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Games aren’t always fair, the magic lies in making you think they are

Behind the scenes with the neuroscience of game design

Monkey Man =))/Flickr

I asked fellow game designers to tell me the hidden tricks and mechanics they use to give players their desired experience. That situation got a bit out of control, in a good way.

I apologize to all the players who ended up reading it. We may have killed Santa and exposed the Matrix, but it wasn’t for nothing. If anything, the thread probably gave you a lot more insight into what we do.

“The magician takes the ordinary something and makes it do something extraordinary. Now you're looking for the secret... but you won’t find it, because of course you're not really looking. You don't really want to know. You want to be fooled.”

- The Prestige

Game designers work with and for the human mind; we have to consider human experience, perception and our mindset when we are at play. Whenever you choose to play, you likely want the game to feel internally consistent enough that you can buy into the experience. You're able to go along for the ride if the game feels like it makes sense.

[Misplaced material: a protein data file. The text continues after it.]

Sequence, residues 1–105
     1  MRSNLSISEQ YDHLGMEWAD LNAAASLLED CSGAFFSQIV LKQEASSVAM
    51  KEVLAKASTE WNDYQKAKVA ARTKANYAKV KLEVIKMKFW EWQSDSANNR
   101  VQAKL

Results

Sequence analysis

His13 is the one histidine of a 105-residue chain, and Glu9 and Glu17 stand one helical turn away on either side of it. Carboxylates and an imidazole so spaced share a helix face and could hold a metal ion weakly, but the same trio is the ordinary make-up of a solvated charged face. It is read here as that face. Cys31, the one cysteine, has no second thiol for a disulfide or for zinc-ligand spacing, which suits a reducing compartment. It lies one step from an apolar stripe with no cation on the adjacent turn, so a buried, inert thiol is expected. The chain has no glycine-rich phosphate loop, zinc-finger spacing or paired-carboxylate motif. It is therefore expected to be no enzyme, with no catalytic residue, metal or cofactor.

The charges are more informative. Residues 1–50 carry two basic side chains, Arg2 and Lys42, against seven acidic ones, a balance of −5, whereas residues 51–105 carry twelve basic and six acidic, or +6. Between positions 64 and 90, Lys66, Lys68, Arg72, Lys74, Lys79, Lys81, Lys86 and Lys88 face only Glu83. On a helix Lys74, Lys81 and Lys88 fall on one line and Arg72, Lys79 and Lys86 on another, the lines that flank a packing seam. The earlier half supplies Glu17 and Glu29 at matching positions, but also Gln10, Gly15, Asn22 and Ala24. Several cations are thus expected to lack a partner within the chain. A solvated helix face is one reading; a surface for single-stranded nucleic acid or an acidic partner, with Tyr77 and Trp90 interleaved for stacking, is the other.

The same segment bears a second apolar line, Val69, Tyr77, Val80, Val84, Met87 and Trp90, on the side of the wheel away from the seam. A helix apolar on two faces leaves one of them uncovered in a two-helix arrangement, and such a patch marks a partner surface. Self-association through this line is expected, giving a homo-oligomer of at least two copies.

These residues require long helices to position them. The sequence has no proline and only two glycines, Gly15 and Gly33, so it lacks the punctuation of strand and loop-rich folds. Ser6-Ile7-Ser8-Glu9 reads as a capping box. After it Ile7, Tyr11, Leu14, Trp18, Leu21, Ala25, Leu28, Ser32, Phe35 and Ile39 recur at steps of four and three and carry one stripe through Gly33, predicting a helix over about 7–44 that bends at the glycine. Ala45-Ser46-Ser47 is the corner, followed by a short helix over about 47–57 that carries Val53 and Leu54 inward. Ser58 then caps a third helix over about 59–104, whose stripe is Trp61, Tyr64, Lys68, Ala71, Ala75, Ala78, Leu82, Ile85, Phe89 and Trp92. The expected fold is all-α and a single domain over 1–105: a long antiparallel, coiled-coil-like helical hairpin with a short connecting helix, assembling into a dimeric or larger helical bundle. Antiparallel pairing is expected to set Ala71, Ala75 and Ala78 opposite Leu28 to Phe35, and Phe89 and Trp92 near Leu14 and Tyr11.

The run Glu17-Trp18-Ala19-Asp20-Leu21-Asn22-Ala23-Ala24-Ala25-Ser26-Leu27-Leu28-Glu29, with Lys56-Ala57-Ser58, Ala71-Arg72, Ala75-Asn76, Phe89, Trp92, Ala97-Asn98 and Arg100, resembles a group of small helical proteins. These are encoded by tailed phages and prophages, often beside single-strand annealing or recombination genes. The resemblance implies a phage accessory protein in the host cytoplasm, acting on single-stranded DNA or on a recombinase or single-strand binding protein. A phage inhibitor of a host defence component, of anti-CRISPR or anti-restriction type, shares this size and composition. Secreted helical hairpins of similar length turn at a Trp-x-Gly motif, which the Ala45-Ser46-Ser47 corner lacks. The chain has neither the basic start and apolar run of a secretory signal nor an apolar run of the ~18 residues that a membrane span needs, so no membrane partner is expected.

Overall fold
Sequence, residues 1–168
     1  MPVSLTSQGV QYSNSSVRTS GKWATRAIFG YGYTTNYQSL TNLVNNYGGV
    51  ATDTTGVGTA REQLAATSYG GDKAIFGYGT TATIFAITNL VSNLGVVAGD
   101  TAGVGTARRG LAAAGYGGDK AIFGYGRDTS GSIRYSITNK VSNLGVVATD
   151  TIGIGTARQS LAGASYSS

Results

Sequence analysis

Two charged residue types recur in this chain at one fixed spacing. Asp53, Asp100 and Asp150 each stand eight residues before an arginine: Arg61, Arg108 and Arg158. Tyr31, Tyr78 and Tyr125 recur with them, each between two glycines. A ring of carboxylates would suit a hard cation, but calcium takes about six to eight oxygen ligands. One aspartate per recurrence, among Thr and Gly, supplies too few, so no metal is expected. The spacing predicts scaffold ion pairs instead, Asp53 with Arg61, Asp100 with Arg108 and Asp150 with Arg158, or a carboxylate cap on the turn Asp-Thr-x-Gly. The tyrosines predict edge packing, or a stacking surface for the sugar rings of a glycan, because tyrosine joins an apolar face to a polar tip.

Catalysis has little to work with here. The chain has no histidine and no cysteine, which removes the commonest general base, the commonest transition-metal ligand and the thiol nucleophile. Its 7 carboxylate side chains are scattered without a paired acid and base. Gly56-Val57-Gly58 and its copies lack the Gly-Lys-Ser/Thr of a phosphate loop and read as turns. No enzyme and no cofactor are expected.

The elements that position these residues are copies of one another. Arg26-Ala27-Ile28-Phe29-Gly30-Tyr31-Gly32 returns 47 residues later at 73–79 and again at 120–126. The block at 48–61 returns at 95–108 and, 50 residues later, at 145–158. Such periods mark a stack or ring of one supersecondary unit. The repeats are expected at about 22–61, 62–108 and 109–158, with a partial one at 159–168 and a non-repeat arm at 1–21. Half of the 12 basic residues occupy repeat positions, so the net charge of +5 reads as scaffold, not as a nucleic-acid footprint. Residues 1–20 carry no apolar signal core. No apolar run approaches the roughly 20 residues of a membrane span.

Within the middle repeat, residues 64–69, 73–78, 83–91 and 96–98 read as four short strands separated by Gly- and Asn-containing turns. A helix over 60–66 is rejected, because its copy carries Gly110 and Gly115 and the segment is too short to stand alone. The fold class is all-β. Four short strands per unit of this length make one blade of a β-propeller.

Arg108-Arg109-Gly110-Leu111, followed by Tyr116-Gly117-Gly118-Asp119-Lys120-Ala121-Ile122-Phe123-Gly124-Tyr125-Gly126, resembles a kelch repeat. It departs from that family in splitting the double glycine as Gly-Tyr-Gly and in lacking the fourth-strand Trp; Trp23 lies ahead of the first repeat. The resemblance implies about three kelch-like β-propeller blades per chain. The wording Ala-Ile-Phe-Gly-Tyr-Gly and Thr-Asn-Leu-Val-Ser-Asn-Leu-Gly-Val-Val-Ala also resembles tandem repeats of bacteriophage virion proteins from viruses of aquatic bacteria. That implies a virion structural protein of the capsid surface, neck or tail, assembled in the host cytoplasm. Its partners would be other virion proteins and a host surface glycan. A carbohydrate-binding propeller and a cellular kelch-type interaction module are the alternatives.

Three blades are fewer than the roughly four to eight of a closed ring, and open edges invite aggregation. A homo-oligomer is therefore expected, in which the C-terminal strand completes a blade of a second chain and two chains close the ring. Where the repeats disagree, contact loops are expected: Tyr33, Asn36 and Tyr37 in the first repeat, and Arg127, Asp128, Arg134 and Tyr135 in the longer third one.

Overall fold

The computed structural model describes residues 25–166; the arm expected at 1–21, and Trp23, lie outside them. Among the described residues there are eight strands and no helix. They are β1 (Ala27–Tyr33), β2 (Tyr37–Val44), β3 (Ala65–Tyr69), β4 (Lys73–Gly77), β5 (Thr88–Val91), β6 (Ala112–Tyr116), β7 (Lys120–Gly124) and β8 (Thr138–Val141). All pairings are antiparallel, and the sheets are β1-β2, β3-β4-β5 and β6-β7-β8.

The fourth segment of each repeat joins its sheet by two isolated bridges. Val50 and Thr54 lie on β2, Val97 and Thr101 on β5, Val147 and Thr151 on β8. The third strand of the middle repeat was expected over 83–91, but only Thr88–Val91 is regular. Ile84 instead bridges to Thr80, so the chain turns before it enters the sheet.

You are designed to be able to overlook things that don’t fit the illusion, because you are really here to experience joy, tension, relaxation and everything in between. We take advantage of that design to bring you the game you want to play, even if the rules that operate behind the scenes aren’t giving you the game you think you are playing.

And game design involves a fair bit of magic. If you don’t want to know how the illusion is created, you may want to stop reading now.

Some light neuroscience for game design beginners…

You are a deeply flawed, irrational being who is terrible at truly understanding chance, distance, time and numbers. Don’t feel bad, everyone else on the planet is in the same boat.

A majority of players will feel utterly betrayed if they miss a 50 percent chance twice in a row. That outcome is possible mathematically, but most people feel as though they were treated unfairly when they are in the mindset of play. They assume that a 50 percent chance means they will lose once, and succeed once. Games often fudge their numbers a bit to match what you think the results should be, not what the statistics show they would be.

Game designers have been taking this and other examples of bias and irrationality into account for decades. We know that the experience counts more than realism when it comes to play, in spite of what players may think or even ask for.

Creating tension, conflict and drama requires playing with your perceptions, and you are usually happy to just go with it as long as it feels good. It’s not a conscious decision, the reality of the game just matches what you think it should be. That’s what you paid your money to feel.